“It was so scary,” Haywood said. “I was scheduled to appear at the NoCo Hemp Expo in Colorado, and because of all of these threats of violence, I canceled. I was too scared to go by myself. I had no idea who was going to come up to me and stab me because I ‘poisoned children’ according to this Facebook group.”

Haywood said follow-up lab tests showed the amount of rubbing alcohol found in the oil shouldn’t have been enough to make anyone sick, but she agrees that no amount should have been in it. She prides herself on LoveGrown’s organic certification and said rubbing alcohol shouldn’t have been anywhere near her products.

She said she offered a refund and an apology to those affected, and she immediately decided to keep all processing in-house so she could be solely responsible for quality and safety.

She likens the risk to this: “You’re a farmer, you grow cows, beef. You send your cows off for slaughter at the end of the a season and they come back to you and some processor gives you ground goat instead.”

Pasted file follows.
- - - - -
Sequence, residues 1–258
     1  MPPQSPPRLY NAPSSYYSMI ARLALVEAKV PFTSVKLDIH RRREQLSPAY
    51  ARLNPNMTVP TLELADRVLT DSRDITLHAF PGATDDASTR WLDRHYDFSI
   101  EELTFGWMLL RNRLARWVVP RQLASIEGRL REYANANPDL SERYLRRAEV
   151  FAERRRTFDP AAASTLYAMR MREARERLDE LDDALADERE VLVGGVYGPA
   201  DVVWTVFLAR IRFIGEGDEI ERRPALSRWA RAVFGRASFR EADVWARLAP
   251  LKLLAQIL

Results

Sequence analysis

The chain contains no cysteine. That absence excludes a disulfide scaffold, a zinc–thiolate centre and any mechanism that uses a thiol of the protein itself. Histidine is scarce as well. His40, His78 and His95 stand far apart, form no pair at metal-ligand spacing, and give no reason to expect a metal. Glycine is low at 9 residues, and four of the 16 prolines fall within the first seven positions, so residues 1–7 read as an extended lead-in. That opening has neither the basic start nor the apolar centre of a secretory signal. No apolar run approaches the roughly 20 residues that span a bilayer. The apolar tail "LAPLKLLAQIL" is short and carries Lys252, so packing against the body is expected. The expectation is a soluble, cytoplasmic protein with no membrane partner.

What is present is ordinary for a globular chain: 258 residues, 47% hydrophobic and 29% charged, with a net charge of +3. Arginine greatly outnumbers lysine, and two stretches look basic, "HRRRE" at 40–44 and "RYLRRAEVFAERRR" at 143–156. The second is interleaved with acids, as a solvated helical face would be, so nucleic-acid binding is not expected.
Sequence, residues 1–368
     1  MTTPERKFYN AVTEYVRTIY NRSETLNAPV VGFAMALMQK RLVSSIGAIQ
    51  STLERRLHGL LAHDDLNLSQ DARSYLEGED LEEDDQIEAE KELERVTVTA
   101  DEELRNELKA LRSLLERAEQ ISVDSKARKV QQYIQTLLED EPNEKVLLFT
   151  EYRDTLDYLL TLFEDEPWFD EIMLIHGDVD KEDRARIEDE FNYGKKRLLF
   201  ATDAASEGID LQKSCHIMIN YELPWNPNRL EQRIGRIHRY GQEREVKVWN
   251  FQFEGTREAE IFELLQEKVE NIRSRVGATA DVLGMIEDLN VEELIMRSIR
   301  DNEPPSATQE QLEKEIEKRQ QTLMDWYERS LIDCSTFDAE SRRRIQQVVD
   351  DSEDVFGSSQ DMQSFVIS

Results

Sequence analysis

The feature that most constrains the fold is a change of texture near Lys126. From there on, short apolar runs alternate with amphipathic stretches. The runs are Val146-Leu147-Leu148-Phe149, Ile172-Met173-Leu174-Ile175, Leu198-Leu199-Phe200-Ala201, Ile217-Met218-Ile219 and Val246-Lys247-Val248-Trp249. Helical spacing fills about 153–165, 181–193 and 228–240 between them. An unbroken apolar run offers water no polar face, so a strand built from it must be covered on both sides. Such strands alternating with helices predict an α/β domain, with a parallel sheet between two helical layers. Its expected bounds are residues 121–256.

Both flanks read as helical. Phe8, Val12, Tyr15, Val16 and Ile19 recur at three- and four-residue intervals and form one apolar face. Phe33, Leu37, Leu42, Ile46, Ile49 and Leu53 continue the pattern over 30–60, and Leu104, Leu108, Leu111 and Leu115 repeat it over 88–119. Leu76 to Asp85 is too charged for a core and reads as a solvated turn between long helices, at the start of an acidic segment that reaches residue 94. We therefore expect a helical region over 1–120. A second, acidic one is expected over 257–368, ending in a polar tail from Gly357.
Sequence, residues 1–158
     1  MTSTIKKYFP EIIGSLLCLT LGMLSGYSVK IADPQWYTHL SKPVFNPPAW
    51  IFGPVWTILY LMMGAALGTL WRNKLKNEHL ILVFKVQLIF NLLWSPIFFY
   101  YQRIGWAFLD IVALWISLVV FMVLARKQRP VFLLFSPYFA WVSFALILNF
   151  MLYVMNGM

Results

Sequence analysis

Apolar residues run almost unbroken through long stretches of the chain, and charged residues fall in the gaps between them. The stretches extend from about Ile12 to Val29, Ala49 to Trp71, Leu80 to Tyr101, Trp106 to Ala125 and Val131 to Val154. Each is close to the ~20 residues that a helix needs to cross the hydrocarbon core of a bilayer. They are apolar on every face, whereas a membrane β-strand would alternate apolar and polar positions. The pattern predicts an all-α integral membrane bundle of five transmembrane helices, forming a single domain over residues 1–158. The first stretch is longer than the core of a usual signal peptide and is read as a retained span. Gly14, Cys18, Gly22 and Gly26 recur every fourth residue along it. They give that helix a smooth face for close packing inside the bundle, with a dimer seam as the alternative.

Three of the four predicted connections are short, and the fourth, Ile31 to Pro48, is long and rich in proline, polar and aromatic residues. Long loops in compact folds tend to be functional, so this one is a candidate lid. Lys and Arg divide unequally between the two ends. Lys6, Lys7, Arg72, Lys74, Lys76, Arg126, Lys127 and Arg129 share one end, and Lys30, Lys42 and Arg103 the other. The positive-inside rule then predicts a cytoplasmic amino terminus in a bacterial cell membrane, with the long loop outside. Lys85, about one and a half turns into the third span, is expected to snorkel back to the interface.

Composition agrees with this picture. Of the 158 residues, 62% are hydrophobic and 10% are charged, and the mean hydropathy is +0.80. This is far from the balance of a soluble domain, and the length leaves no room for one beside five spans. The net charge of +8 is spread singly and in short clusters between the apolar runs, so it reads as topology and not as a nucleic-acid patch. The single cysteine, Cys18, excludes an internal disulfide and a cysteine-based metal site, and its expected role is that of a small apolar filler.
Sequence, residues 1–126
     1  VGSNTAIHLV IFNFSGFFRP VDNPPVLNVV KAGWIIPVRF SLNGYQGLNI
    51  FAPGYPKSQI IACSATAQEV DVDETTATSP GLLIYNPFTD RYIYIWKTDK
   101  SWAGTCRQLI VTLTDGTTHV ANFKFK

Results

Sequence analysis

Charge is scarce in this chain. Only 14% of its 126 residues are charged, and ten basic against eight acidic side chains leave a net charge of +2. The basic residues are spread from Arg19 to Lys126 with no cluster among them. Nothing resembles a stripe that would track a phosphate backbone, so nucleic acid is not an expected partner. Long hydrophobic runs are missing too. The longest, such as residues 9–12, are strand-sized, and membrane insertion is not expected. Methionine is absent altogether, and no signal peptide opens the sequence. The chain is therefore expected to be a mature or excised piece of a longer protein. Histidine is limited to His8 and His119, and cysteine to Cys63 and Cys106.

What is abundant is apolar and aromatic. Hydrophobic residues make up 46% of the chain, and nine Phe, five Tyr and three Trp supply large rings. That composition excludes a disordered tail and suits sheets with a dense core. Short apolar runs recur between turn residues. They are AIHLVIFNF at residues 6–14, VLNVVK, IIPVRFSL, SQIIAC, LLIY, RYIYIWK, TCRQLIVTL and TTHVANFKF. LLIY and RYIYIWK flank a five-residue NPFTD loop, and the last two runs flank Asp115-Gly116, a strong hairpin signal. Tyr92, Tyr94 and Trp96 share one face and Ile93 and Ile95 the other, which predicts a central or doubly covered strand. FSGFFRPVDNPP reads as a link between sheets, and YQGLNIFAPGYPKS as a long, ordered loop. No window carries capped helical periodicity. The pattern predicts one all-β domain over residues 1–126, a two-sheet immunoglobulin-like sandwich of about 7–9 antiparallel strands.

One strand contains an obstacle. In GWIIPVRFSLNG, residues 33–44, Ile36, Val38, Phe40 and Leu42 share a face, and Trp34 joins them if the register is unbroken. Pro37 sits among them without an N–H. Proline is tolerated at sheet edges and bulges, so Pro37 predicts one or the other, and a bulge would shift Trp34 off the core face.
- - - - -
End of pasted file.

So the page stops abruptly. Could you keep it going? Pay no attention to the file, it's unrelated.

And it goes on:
Haywood likes the proposed testing rules for recreational marijuana and the possibility they could include medical marijuana sometime soon. However, she is concerned that mandatory testing of every batch could put small growers out of business, particularly those for whom “a batch” is one plant and testing costs upward of $300.

She’d like to see the state waive a testing requirement for growers who are certified by another recognized group, such as the Maine Organic Farmers and Gardeners Association.

That said, she believes testing could have prevented tainted products from ever reaching her clients.

“The most encouraging part of every single day for me is that every single day somebody thanks me for what we’ve made and what we do for them,” she said. “Somebody says, ‘My life has changed.’ That’s the power of this cannabis plant when it’s handled properly, when it’s formulated potently, when it’s grown cleanly.”